Baleada

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Baleada
Baleada.jpg
A baleada, as it is usually served
TypeTortilla
Place of originHonduras
Serving temperaturealways warm
Main ingredientsWheat flour, fried beans and crumbled cheese
An open homemade baleada with egg, sour cream, cheese and beans

A baleada (Spanish pronunciation: [baleada]) is a traditional Central American dish, believed to have originated on the northern coast of Honduras. It is composed of a flour tortilla, filled with a smear of mashed "refried" red beans (a variety of bean native to Central and South America), crema (mantequilla blanca), and crumbled queso duro (salty hard cheese). This is usually called baleada sencilla (simple baleada). Another common variety of baleada is the baleada mixta (mixed baleada) which is baleada sencilla with the addition of scrambled eggs. Many other people add sausage, plantain, hot sauce, avocado, chicken, pork and chismol which is diced tomato, onion and bell pepper. The big Honduran towns often have more than one restaurant that sells baleadas.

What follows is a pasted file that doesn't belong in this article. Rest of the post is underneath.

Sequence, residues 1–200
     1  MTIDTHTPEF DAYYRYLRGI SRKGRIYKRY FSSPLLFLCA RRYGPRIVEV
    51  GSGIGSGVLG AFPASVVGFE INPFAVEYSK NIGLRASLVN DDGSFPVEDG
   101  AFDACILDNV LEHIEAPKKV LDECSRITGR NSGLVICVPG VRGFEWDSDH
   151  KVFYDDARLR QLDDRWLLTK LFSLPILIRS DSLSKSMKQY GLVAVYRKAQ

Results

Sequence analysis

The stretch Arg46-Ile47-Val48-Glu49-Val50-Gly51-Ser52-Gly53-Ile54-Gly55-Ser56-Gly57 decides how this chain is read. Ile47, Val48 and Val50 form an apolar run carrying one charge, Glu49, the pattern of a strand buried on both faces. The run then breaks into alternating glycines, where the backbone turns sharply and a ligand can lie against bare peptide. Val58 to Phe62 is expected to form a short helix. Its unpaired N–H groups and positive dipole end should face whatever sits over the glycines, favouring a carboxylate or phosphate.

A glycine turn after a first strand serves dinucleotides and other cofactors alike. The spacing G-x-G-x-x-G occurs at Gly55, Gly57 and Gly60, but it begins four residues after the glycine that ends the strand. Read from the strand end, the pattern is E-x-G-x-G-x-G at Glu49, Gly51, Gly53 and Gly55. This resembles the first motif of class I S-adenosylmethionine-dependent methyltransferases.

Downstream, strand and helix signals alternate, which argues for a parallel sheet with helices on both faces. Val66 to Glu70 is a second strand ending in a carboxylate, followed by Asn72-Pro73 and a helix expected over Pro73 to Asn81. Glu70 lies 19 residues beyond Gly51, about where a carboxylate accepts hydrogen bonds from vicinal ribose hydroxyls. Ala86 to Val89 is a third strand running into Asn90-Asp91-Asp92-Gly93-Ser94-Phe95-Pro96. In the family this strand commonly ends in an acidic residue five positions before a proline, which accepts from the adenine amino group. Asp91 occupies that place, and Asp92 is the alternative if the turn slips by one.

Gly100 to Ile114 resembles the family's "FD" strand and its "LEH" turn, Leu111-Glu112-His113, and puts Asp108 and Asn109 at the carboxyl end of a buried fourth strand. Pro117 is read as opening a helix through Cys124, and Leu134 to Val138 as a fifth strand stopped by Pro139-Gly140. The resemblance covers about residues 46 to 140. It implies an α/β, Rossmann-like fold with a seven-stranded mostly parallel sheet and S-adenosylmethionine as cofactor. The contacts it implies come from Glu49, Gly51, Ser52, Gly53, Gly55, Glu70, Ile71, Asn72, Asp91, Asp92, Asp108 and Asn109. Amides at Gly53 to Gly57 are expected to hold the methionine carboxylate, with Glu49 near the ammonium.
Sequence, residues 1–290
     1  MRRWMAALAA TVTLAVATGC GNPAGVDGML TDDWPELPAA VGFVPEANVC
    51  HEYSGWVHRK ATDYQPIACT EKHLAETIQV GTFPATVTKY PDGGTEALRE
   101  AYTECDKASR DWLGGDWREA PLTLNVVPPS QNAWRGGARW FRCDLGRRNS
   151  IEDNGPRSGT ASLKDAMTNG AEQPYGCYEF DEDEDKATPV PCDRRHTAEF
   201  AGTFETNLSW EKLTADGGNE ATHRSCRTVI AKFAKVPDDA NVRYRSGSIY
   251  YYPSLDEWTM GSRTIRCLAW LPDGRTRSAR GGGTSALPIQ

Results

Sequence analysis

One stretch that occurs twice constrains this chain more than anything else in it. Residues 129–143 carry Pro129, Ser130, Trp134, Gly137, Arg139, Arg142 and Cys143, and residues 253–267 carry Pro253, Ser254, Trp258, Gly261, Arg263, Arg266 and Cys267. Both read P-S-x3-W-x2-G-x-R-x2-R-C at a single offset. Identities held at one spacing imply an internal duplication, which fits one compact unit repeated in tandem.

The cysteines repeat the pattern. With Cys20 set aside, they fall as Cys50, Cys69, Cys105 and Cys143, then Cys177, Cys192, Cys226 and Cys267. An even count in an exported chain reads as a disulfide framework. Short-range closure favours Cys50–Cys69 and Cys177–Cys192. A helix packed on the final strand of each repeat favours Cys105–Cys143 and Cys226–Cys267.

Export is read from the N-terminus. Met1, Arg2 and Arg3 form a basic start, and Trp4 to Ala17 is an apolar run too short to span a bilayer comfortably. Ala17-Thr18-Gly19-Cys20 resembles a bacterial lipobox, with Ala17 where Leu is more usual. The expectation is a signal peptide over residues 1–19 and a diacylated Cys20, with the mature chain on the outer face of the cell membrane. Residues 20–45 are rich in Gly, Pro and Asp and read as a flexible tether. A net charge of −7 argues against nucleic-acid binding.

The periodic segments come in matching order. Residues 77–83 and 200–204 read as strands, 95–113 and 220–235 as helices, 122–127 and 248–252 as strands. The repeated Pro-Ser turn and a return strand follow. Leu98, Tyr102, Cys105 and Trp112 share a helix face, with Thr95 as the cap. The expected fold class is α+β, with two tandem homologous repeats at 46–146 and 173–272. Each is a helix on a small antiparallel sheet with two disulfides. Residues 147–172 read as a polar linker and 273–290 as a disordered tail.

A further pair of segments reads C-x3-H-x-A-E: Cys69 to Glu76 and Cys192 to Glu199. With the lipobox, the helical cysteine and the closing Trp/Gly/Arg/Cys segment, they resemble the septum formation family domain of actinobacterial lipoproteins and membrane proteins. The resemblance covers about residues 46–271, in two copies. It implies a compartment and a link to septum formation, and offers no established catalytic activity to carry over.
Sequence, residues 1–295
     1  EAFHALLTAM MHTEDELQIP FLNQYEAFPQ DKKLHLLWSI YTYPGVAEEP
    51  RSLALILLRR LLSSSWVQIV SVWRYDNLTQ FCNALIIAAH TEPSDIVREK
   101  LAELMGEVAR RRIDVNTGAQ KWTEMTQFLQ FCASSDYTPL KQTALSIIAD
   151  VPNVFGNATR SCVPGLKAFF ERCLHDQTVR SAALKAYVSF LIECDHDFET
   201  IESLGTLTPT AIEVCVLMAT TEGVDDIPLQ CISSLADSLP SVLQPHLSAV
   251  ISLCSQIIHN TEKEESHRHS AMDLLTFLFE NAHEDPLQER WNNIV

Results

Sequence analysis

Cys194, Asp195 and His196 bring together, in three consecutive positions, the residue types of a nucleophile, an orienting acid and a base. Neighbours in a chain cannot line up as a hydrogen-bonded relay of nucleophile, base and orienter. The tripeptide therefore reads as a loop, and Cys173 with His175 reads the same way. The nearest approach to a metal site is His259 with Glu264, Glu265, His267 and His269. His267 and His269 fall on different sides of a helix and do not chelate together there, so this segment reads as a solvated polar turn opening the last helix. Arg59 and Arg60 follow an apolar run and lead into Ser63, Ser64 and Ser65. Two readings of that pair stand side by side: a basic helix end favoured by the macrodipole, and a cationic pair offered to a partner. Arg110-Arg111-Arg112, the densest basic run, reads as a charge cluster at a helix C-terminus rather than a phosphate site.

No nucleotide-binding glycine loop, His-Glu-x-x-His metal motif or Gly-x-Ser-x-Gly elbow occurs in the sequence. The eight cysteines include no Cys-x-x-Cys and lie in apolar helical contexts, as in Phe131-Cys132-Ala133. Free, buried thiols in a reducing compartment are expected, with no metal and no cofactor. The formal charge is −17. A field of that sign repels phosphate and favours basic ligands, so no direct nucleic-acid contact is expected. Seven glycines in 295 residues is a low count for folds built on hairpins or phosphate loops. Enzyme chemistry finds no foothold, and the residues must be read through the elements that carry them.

Types of baleada[edit]

There are different kinds of baleada according to the ingredients chosen by the customer or the region of Honduras.

  • Simple baleadas (refried red beans, cream/crema, cheese)
  • Special baleadas (refried red beans, cream/crema, cheese, scrambled eggs)
  • Super special baleadas (refried red beans, cream/crema, cheese, scrambled eggs, chicken, ground meat or sausage)

In the region of Olancho and Cojutepeque the special baleada is served with all of the above and "carne asada" (grilled meat).

The Bay Island of Utila, off the coast of La Ceiba, adds pickled onions and creole (criollo) cheese to the beans.

In popular culture[edit]

In the Honduran movie Amor y Frijoles, the protagonist is a woman who cooks baleadas for a living.

In 2017, Chef Gordon Ramsay visited Honduras. He ate baleadas while there and said that baleadas are the best Latin American cuisine item.[1]

See also[edit]

References[edit]

  1. ^ "Gordon Ramsay declara a la baleada como el mejor platillo latinoamericano". Latribuna.hn. 18 April 2017. Retrieved 29 May 2018.